Every Scrabble player knows the tense irritation when another player challenges their word. After all, it’s clearly not just a game; it’s an overall evaluation of the quality of your vocabulary, spelling ability, and dictionary memorization skills. And it’s much more complicated than that, too. A new article for The New Yorker by Charles Bethea, “The Battle Over Scrabble’s Dictionaries,” takes us into the wild world of tournament Scrabble, where players enter the arena like this:
Lipe strode toward the stage alongside one of the two other Americans who’d flown eight thousand miles, paying their own way, to play Scrabble in a windowless room. Jay Z’s “Empire State Of Mind” blared from the speakers and images of the Statue Of Liberty flashed on a screen beside the stage as thousands of Thai schoolchildren cheered.
Bethea tells of the various Scrabble dictionaries available to players and the feud to make just one the standard word list. It’s an exciting battle of geography, lexicons, and players shunning one another.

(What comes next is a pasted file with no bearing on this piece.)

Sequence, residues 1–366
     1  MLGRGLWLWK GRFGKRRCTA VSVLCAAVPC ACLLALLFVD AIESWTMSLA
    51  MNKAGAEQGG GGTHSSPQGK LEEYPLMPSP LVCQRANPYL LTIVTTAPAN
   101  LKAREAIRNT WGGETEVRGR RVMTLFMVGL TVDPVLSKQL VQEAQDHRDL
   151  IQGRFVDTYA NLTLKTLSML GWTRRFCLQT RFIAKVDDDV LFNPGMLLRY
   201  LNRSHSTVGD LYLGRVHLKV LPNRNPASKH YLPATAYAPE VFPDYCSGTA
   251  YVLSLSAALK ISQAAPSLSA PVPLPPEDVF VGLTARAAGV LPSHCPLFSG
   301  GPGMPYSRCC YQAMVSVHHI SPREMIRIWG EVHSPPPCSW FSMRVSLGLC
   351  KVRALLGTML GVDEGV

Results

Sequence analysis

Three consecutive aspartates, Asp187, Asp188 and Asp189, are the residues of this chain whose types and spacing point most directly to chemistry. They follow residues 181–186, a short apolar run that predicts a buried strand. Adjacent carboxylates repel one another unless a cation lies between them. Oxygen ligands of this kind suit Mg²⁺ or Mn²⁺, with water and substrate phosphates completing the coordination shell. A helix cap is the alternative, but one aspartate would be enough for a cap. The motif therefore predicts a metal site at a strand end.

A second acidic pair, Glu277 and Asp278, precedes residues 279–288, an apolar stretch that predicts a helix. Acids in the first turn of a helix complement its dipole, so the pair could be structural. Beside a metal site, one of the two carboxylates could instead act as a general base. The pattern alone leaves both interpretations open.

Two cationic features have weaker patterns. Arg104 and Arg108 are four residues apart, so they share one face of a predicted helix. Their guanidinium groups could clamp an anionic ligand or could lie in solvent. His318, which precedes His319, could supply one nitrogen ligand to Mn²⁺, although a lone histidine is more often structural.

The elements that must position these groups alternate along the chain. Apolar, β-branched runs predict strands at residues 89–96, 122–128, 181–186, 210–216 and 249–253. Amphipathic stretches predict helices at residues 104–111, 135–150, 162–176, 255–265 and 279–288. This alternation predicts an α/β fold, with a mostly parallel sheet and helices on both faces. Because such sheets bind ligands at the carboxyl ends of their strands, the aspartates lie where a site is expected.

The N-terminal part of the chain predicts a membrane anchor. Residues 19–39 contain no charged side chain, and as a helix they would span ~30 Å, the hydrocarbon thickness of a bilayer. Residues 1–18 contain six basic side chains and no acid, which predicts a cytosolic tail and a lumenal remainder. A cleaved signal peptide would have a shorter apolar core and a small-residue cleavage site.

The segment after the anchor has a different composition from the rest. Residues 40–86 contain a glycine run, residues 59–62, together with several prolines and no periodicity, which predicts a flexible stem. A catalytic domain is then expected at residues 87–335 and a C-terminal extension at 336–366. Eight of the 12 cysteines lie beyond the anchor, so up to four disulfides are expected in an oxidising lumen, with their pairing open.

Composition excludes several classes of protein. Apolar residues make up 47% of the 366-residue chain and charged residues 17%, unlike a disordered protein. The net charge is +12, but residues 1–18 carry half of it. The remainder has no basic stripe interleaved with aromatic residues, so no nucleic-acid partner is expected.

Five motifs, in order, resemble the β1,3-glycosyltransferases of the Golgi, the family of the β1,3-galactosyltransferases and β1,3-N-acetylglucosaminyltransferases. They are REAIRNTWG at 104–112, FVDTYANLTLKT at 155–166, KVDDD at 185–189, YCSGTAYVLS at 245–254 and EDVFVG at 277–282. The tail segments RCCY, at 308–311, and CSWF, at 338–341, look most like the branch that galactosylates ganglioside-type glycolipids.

“The word list arguments have been going on for maybe twenty years now, almost entirely in a repetitive, pointless circle,” said Geoff Thevenot, a copy editor from Chicago who is currently the twelfth-best Collins player in North America.
Thankfully though, Bethea says the 20-something-year-old feud may finally be coming to a close. In the last five years, OSW, or Official Scrabble Words, players have finally been allowed to play tournaments on North American soil.
[Via The New Yorker]